Monday, 30th October 2017

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The principle of caring should be predicated on empathy and knowledge

It is man, and not monkey, who is causing trouble

  • Published 30.11.19, 12:32 AM
  • Updated 30.11.19, 12:32 AM
  • 2 mins read
Mathura MP Hema Malini’s voters have not taken kindly to her prioritizing monkey over man (Wikimedia Commons)

Hell hath no fury like a monkey scorned. Politicians in India seem to have got a taste of the wrath that brought the mythical king of Lanka to his knees in the Ramayana. At the ongoing winter session of Parliament, Hema Malini, the Mathura MP, sought to bring to the notice of the lower House the threats posed by rhesus macaques to people in her constituency. Such is the power of the simians that even political differences have dissolved before them. The Treasury and Opposition benches that rarely, if ever, speak in one voice agreed that the reign of terror of the monkeys must end. The Trinamul Congress leader, Sudip Bandyopadhyay, recalled having his spectacles snatched by a monkey on a visit to the temple town, which had to be retrieved, ironically, after bribing the thief. Evidently, the primates have picked up a vice or two from their human cousins.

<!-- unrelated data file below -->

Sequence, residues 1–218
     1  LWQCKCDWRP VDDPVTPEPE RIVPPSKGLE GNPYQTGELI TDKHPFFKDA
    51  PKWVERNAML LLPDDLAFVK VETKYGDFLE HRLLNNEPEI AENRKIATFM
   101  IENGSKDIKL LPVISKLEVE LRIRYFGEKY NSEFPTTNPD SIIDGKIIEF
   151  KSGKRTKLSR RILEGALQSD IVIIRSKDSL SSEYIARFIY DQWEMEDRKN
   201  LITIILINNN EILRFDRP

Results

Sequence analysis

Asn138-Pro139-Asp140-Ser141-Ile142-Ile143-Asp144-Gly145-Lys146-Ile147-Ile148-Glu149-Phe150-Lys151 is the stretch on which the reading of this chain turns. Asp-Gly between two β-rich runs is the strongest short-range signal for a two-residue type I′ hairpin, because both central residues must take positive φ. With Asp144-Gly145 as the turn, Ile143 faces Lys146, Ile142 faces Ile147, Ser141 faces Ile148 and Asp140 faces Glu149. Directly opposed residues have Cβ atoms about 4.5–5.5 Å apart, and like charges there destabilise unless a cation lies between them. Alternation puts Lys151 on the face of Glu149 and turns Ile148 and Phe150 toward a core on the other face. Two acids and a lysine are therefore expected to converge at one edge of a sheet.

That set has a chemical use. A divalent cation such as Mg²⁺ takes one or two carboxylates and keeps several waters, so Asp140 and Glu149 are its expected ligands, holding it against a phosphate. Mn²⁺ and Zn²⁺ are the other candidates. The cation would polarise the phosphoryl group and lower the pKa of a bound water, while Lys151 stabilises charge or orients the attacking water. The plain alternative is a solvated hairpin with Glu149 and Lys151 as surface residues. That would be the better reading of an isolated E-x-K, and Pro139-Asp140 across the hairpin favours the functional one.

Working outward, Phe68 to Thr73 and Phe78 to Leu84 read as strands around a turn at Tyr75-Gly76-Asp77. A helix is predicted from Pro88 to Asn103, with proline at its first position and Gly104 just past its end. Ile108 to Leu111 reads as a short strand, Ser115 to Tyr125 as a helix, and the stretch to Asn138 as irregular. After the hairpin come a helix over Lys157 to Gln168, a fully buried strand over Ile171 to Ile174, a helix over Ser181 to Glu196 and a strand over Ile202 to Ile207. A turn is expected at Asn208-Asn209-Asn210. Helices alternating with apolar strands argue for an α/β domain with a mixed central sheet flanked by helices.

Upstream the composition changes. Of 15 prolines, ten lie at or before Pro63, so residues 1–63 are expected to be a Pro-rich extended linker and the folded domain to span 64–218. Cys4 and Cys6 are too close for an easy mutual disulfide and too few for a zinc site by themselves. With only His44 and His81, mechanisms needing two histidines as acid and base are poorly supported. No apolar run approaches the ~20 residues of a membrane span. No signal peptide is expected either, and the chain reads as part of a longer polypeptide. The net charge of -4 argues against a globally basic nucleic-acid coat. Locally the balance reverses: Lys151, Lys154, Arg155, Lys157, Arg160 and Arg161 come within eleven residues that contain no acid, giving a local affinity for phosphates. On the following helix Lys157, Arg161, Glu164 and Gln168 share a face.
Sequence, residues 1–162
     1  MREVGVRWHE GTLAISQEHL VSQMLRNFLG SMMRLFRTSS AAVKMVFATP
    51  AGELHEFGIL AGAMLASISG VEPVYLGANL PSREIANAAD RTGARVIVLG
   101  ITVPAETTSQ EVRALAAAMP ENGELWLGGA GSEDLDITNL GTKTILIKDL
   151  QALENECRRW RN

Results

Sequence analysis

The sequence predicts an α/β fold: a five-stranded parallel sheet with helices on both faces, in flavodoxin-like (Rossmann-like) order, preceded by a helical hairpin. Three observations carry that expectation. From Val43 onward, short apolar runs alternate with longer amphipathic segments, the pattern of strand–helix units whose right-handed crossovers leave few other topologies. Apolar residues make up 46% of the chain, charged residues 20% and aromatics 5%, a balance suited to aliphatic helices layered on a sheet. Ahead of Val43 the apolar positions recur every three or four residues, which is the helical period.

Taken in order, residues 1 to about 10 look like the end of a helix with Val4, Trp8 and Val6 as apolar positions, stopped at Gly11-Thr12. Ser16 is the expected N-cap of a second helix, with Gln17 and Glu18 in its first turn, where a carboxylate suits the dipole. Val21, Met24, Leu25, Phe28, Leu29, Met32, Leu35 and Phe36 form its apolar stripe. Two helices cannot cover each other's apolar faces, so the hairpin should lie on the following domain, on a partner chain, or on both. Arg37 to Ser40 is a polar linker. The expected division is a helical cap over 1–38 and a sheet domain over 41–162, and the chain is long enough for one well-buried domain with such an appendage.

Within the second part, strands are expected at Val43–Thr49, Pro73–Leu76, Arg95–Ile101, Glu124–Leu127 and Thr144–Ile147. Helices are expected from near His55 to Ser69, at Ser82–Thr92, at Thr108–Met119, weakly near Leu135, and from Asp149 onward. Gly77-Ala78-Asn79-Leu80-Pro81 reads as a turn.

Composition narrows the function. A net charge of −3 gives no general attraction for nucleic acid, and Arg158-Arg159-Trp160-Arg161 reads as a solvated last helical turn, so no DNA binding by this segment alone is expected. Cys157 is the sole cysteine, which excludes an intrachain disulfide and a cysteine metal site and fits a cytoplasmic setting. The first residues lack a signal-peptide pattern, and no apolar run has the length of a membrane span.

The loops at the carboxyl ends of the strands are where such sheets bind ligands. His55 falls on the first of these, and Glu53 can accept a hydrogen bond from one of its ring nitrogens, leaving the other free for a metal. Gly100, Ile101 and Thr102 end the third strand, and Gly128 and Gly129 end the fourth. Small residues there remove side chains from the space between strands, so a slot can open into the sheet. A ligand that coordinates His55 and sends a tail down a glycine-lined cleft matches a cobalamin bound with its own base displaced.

The moral degeneration of monkeys is not on Ms Malini’s mind. She is more concerned about the health of the simians. This in itself is startling, given that monkeys, their prowess nothwithstanding, are yet to be given the right to vote in a nation that venerates them. What has exercised Ms Malini is that much like Homo supine couch potatoes, simians have started to smack their lips at samosas and other kinds of popular, but unhealthy, snacks. Worse, they have turned down all offers of a healthy diet, said the parliamentarian. The stubborn politician, who refuses to honour the good of the people, could well be the model for monkeys here. The solution — at least the way Ms Malini sees it — is simple: a ‘monkey safari’ must be built. The details of the proposal remain hazy; is Ms Malini certain that the primates would agree to be shepherded into such a refuge? There is, of course, the Bharatiya Janata Party’s claim of cows mooing in delight at the thought of gaushalas built for them but monkeys, given their temperament, could turn out to be a different kind of fish. Ms Malini, like her peers, could think of invoking the BJP’s favourite divine figure; he would certainly make the simians fall in line.

But then, there is another — serious — problem. Ms Malini’s voters have not taken kindly to her prioritizing monkey over man. Mathura and Vrindavan — they fall under Ms Malini’s watch — are beset with several problems. Thousands of widows who throng to the cities are denied dignity and basic amenities; the closure of textile factories has led to growing unemployment. Ironically, the blame for the monkey menace, a serious problem, lies squarely on the shoulders of man. Loss of habitat coupled with the apathy of civic bodies has contributed to this singular man-animal conflict. The management of strays is shorn of a modern outlook. Sterilization is the key to controlling stray populations but civic bodies in India often resort to capturing and killing animals. Public veneration of animals — monkeys and cows — is not enough. The principle of caring should be predicated on empathy and knowledge.

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